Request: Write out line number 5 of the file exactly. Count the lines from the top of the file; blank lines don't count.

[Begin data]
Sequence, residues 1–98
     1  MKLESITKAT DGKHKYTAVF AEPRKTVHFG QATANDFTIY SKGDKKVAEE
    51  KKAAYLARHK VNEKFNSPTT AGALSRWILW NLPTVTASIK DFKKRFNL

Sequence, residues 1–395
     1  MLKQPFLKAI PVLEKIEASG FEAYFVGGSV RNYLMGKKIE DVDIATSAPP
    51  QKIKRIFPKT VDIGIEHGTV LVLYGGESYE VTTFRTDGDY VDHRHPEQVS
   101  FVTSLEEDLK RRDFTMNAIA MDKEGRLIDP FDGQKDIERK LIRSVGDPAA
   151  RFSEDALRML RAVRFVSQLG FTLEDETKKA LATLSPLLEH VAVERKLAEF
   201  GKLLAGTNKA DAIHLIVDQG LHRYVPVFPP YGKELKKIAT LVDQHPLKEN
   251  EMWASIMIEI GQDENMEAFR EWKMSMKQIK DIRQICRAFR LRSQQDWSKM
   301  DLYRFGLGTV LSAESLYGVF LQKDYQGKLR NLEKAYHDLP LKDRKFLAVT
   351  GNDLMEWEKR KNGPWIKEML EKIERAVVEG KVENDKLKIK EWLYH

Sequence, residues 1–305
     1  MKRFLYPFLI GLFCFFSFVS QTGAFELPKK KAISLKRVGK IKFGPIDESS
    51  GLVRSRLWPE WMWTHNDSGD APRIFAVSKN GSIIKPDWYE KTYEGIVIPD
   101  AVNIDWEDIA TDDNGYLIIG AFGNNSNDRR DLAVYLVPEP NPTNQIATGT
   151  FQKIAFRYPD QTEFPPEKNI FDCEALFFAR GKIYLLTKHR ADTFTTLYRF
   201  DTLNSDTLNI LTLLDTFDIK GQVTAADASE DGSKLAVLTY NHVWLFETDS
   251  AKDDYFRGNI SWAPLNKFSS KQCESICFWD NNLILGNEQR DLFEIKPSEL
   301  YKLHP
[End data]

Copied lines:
     1  MLKQPFLKAI PVLEKIEASG FEAYFVGGSV RNYLMGKKIE DVDIATSAPP